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The Boston Bombings Created a Social Media Mob

http://www.fool.com/investing/general/2013/04/19/the-boston-bombings-created-a-social-media-mob.aspx

Alex Planes
April 19, 2013

Just think, on most other weeks, an Elvis impersonator sending ricin-laced letters to lawmakers would be the headline news. Of course, hardly anyone is paying attention to that. Even a massive fertilizer explosion is barely mentioned two days after it killed 15 people and injured more than 160.

We're all watching Boston.

But what good does any of it do us?

Information overload
Two bombs went off at the Boston Marathon on Monday, and the city went into virtual lockdown. What happened over the course of the following days can only be described as the first terrorist act of the social media era. Suspects were identified on Thursday, by which time, the gears of Internet obsession (turned most ferociously by Reddit and 4chan), had already ground away at a slew of available pictures and videos for over 24 hours. By Thursday night, we had a robbery, a murder, and a manhunt. By Friday morning, one of the suspects was dead. Throughout, anyone with a presence on social media has been bombarded nonstop by real-time updates on the manhunt (which is still ongoing in search of other suspects as I write this), and an absolute swarm of speculation, reversals, outrage, half-truths, and finger-pointing.

We're all watching Boston.

But what good does any of it do us?

Real-time trauma
Facebook
(NASDAQ: FB) can be an amazing tool. I use it to stay connected with distant friends, to make plans for the weekend, to entertain and be entertained by people I might have otherwise lost from my life. Twitter can also be an amazing tool. You can use it to see what celebrities are thinking, or to try to get closer to those who write the news that matters to you. Most of all, Twitter is amazing at keeping you up to date on the interesting things that happen in the world out there beyond your computer. Events of this nature are proof positive that the major social media platforms have real value for their users, who increasingly turn to friends and virtual connections over traditional media platforms when big news breaks.

But social media can also have a profoundly deleterious effect on our personal and societal well-being when it gives us a false sense of connection to events over which we have no real control -- particularly when we find ourselves in the middle of the action without fully understanding what's going on. This is particularly true when we're more willing to trust the froth of social media than the (supposedly) reasoned reporting of the news media.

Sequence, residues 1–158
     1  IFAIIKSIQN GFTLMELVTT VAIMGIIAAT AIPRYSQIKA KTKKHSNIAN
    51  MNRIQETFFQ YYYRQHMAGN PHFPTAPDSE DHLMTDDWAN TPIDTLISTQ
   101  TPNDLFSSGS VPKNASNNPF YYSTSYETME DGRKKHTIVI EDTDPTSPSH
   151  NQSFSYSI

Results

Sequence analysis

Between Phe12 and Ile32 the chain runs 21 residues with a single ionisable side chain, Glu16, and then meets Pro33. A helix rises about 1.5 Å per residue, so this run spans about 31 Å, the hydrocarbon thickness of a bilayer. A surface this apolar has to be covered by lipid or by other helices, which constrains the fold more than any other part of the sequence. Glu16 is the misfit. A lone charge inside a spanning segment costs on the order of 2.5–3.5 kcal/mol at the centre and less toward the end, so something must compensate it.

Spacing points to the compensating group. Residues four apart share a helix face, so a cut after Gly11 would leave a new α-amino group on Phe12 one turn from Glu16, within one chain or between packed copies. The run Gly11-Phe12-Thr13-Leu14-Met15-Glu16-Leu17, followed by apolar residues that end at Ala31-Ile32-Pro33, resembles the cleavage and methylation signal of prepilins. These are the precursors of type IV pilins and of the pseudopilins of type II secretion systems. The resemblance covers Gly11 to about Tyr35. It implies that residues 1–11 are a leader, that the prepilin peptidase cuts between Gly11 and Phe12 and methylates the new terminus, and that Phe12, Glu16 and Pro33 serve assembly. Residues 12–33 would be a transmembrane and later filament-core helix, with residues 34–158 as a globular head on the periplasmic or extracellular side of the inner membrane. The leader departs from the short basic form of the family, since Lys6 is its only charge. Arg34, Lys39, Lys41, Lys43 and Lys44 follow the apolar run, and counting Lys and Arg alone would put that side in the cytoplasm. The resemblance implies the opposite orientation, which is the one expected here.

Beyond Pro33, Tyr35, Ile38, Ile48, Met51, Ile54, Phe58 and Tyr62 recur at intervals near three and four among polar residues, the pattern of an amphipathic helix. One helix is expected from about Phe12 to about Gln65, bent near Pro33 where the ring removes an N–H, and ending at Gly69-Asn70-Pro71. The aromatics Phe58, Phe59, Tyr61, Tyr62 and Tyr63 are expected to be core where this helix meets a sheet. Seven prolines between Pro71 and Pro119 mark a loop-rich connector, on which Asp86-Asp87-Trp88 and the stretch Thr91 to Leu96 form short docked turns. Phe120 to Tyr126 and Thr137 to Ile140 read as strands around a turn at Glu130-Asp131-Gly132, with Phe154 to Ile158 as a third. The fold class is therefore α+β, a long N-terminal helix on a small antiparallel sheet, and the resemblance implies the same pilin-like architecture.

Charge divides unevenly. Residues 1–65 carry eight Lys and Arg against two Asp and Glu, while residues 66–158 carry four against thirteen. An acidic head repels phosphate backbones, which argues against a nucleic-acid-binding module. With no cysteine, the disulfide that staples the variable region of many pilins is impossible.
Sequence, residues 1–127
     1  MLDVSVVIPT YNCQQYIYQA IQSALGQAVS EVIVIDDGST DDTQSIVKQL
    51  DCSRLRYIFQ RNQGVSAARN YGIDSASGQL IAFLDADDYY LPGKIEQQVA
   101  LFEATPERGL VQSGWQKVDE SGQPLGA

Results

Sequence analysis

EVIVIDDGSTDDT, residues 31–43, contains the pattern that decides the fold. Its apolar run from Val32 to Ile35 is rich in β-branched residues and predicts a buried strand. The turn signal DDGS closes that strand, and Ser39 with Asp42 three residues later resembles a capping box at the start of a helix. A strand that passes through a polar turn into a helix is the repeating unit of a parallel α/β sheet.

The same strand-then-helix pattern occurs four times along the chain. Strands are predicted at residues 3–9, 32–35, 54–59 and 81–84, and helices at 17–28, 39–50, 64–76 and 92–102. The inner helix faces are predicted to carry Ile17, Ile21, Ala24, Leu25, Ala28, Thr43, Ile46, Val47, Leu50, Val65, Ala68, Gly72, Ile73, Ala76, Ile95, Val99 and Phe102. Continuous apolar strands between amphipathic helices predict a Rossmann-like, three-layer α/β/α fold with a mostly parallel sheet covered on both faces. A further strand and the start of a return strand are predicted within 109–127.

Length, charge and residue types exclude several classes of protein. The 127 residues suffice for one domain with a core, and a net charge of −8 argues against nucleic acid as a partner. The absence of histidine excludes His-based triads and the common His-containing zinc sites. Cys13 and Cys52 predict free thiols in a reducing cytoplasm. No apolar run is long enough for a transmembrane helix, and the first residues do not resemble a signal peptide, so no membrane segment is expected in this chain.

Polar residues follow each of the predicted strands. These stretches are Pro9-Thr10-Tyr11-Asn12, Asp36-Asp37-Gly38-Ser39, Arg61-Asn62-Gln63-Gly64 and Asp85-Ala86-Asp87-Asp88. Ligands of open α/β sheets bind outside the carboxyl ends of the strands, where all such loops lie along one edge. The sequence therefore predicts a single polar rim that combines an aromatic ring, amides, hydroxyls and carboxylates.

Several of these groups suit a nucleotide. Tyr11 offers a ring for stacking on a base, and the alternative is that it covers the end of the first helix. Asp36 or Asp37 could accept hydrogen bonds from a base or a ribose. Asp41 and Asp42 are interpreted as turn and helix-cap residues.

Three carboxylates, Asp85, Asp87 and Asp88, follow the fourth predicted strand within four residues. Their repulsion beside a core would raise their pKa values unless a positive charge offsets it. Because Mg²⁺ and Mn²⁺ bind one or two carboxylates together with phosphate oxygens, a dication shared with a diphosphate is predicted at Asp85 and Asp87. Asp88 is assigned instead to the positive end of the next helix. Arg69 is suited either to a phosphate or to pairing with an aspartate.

Social media has made millions feel that they have to say something, whether or not they really should. A compelling speculation, or an incorrect update, can catch our attention and be sent to a network of eager connections before we take the time to find out the truth. The need for immediacy infects traditional media more with each new crisis, as news anchors feel the need to keep up with a form of media that can broadcast any bystander to the entire world long before a professional journalist can get his or her story straight. Social media speculates, the news media legitimizes and, occasionally, the wrong person gets caught in the crosshairs.

We're all watching Boston.

But is that actually hurting some of us?

Some will probably be speculating that the suspects were motivated by their religion, or their nationality, or their personal cause -- whatever that may be -- to do what they did. The back-and-forth between the real-time social stream, and the old-media talking heads, underscores both the rising importance of social media as a compelling news platform, and the need to approach its claims with a healthy dose of skepticism.

Time Warner's CNN has -- both in Boston and in earlier tragedies -- broadcast speculation that its anchors see on Twitter, only to have Twitter shoot the speculation down seconds later. Other networks often do the same and, in some cases, will even amplify that speculation to pander to an outraged audience. Having followed the attack and its aftermath for a week, it's almost impossible not to speculate, because speculation fills the wide spaces between rare moments of truth. And when we devote so much time to speculation, how long will it take before we turn our speculations on each other? How long before